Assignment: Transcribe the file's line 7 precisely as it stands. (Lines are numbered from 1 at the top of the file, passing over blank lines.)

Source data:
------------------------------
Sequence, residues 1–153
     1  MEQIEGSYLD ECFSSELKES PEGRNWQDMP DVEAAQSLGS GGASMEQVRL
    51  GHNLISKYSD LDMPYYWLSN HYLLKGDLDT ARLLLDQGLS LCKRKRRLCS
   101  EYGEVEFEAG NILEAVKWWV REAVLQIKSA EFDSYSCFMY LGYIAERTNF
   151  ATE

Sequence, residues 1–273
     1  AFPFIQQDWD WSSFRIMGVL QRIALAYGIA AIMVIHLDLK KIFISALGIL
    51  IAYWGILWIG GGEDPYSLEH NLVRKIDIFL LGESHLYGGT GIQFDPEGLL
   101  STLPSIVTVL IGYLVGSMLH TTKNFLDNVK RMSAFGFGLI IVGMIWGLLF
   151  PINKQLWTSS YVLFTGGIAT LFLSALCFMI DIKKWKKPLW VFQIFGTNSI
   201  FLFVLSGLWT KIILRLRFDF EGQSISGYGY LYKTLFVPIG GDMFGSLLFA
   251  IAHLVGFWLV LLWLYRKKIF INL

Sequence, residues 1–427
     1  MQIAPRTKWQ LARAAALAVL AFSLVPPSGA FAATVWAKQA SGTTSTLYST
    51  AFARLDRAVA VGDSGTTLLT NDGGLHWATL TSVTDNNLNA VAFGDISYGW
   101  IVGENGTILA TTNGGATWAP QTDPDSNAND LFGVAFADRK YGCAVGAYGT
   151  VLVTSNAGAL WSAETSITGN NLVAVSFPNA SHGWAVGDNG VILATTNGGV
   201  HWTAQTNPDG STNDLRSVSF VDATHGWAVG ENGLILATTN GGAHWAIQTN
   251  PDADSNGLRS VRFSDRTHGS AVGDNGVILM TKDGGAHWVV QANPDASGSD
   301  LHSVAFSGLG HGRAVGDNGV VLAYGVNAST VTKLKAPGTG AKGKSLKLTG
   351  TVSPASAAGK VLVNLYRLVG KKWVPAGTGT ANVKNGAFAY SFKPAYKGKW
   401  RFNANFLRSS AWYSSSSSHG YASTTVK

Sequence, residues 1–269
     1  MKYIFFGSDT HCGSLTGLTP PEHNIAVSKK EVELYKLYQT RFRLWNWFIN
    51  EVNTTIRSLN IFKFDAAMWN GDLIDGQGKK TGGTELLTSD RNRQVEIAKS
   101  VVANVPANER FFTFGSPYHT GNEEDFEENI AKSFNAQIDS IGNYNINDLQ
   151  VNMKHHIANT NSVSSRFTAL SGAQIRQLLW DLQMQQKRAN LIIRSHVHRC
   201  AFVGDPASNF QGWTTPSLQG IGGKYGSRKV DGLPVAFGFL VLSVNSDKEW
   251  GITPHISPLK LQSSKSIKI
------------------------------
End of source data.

     1  AFPFIQQDWD WSSFRIMGVL QRIALAYGIA AIMVIHLDLK KIFISALGIL